Special Section: Enabling Technologies for Parkinson’s Disease Management

October 30, 2015

Special Section: Enabling Technologies for Parkinson's Disease Management

Parkinson’s disease is the most common neurological movement disorder, with a prevalence of up to 2% in the elderly. The new research published in this Special issue represents the edge between the current technical abilities of engineering solutions and clinical applications for the management of Parkinson’s disease, spanning wearable technologies and the Internet of Things, body sensor networks and smart home techniques.

Clinical assessments throughout the course of Parkinson’s disease consume substantial resources and repeated assessments are generally impractical. Most techniques only provide a snap-shot of the patients’ daily life impairments rather than the progression of the disease and efficacy of treatment.  From a clinical perspective, sensor-based movement diagnostics offers significant benefits. Sensor-based diagnostics can be conducted remotely in free-living environments, thus improving assessment quality and allowing continuous quantitative assessment.  The ability to continuously analyse motor movements during everyday living creates the potential for unobtrusive assessment and monitoring under real-life conditions. This objective information on quality of life and daily functioning could complement the diagnostic workup to greatly enhance disease management and address individual patients’ needs – while ultimately reducing healthcare costs.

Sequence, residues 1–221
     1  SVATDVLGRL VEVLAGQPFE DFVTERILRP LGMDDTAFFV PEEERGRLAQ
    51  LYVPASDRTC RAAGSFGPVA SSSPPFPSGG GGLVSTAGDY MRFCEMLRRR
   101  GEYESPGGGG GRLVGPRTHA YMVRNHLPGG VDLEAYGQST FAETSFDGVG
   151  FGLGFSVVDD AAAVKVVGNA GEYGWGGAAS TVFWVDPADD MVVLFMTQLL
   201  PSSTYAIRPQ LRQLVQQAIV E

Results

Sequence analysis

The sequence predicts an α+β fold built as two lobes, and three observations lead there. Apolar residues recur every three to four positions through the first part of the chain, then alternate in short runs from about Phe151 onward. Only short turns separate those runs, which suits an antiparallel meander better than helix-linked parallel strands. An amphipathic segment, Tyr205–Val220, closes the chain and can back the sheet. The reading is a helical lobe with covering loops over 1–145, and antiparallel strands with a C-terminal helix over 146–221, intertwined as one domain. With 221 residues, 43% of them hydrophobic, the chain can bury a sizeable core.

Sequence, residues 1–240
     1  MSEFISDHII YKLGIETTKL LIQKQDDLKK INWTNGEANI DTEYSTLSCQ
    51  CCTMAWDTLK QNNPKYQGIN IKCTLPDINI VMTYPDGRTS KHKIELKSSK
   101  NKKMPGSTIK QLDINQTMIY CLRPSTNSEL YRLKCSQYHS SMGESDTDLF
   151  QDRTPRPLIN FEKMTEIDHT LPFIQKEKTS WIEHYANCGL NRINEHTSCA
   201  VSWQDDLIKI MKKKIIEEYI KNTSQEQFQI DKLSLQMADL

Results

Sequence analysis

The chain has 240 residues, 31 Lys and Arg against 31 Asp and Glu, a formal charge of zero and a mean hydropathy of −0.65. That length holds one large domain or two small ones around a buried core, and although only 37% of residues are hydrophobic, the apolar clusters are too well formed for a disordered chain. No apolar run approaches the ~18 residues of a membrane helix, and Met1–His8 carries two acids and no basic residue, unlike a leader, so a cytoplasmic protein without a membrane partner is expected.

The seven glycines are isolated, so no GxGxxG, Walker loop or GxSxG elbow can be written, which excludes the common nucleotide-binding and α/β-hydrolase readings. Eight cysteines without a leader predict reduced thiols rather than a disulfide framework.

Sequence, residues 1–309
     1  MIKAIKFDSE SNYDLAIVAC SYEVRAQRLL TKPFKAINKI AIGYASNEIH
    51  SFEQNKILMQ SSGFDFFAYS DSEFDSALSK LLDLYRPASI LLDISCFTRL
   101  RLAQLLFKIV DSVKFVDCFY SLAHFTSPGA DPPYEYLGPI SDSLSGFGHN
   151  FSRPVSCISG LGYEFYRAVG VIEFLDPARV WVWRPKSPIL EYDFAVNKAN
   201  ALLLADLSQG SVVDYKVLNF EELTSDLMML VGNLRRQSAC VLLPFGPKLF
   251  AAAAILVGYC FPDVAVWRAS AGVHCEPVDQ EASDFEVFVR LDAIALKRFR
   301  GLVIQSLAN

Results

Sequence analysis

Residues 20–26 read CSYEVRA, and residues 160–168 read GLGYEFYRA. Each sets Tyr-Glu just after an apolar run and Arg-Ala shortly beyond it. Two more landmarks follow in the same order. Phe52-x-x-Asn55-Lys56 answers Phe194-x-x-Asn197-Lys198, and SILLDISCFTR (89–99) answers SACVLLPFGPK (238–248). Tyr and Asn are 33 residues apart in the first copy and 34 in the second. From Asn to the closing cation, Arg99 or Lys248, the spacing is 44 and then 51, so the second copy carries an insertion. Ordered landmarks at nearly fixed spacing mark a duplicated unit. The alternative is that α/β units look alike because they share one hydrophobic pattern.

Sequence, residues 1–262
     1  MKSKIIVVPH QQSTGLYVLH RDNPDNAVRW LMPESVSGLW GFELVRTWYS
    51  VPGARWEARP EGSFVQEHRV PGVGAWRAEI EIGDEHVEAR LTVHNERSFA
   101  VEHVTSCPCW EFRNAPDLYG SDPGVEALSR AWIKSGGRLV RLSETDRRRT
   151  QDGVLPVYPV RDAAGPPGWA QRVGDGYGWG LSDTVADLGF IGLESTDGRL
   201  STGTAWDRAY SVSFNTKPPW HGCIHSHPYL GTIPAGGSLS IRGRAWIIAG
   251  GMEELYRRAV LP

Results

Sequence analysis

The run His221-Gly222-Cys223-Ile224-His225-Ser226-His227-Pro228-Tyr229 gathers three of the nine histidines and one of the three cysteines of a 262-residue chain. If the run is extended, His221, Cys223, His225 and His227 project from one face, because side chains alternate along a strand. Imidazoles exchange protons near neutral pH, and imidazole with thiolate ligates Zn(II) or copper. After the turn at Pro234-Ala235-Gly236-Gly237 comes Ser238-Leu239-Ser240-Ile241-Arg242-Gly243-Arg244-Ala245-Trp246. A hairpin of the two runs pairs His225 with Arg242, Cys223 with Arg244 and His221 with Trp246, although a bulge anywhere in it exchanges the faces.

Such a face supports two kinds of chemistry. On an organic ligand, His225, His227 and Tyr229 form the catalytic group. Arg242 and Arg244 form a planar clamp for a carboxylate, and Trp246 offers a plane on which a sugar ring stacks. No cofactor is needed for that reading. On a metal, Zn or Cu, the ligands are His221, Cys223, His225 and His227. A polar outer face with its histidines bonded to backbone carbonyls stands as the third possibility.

This special issue introduces a number of important new ideas and technologies, including the application of body sensor networks to aid diagnosis, monitoring and treatment for a wide variety of chronic neurologic and musculoskeletal disorders:

The articles included in this Special Issue are:

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